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Applied Microbiology and Biotechnology

, Volume 102, Issue 16, pp 7071–7081 | Cite as

Comparative analysis of fermentation and enzyme expression profiles among industrial Saccharomyces cerevisiae strains

  • Kiyoka Uebayashi
  • Hiroshi Shimizu
  • Fumio Matsuda
Genomics, transcriptomics, proteomics

Abstract

Industrial diploid strains of Saccharomyces cerevisiae are selected from natural populations and then domesticated by optimizing the preferred properties for producing products such as bread, wine, and sake. In this study, for comparing the fermentation performance of various industrial yeasts, seven diploid strains of S. cerevisiae, namely, BY4947 (laboratory yeast derived from S288C), Kyokai7 and Kyokai9 (sake yeasts), Red Star and NBRC0555 (bread yeasts), and QA23 and EC1118 (wine yeasts), were cultivated in a synthetic medium. The fermentation profiles of the seven yeast strains showed significant differences. The specific ethanol production rates of sake yeasts (Kyokai7 and Kyokai9) and wine strains (QA23 and EC1118) were higher and lower than those of laboratory strains, respectively. Targeted proteome analysis was also conducted to investigate the variation in the expression of metabolism-related enzymes. The expression profiles of central metabolism-related enzymes showed considerable variations among the industrial strains. Upregulation of the TCA cycle in wine strains was observed both in the synthetic and grape-juice media. These results suggested that these variations should be consequences of complex interactions between the domestication process, genetic polymorphism, and environmental factors such as the fermentation conditions.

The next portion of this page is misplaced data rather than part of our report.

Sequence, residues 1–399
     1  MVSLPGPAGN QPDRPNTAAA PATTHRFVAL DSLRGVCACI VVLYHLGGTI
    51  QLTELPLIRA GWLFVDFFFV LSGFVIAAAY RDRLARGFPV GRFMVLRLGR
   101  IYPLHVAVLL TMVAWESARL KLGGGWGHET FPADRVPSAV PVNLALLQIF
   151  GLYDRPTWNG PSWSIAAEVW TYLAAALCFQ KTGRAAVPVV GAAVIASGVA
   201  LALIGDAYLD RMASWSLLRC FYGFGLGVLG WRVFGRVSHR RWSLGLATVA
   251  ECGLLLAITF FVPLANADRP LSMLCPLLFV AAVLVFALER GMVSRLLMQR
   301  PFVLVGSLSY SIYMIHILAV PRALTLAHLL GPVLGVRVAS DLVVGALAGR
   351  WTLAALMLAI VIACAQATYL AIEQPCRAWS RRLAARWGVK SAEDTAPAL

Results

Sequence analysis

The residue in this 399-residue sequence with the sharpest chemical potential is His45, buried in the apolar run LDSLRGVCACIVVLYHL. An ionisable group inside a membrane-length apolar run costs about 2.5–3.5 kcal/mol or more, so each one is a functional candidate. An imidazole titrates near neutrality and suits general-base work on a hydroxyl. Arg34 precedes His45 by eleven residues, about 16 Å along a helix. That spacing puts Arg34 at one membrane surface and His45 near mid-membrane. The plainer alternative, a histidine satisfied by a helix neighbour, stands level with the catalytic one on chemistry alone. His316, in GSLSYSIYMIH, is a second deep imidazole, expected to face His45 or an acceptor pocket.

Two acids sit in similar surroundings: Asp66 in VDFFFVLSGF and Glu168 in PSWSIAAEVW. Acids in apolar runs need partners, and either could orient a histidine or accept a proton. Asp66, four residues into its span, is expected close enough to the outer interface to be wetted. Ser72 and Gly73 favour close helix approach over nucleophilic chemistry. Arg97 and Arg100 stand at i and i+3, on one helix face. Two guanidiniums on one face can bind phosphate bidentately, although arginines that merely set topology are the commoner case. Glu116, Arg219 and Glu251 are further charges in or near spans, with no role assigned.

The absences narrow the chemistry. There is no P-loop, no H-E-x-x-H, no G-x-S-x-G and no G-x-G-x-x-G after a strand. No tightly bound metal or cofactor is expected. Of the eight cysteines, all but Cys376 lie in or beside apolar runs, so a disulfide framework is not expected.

Keywords

Central carbon metabolism Targeted proteomics Saccharomyces cerevisiae Industrial yeasts Crabtree effect 

Notes

Acknowledgments

We thank Prof. Yoshihiro Toya (Osaka University), Dr. Kenshi Hayakawa, Mr. Takuya Izumi (Kaneka corporation), Mr. Sho Katsuragi, and Mr. Kei Shimizu (SETI K.K.) for helpful comments on this manuscript and for supplying the yeast strains. We also thank Ms. Atsumi Tomita (Osaka University), Dr. Ichiro Hirano, and Dr. Taito Ogura (Shimadzu Co.) for technical support for the targeted proteome analysis.

Authors’ contributions

KU and FM executed the bench procedures. KU and FM performed the proteome analysis. KU, FM, and HS analyzed the data. KU, FM, and HS wrote the manuscript. FM and HS designed and supervised the overall of research project. All authors have read and approved the final version of the manuscript.

Funding

This work was supported in part by Grants-in-Aid for Scientific Research (grant nos. 18K04851 and 17H06303).

Compliance with ethical standards

Conflict of interest

The authors declare that they have no conflict of interest.

Ethical approval

This article does not contain any studies with human participants or animals performed by any of the authors.

Supplementary material

253_2018_9128_MOESM1_ESM.pdf (3 mb)
ESM 1 (PDF 3113 kb)

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Copyright information

© Springer-Verlag GmbH Germany, part of Springer Nature 2018

Authors and Affiliations

  1. 1.Department of Bioinformatic Engineering, Graduate School of Information Science and TechnologyOsaka UniversitySuitaJapan

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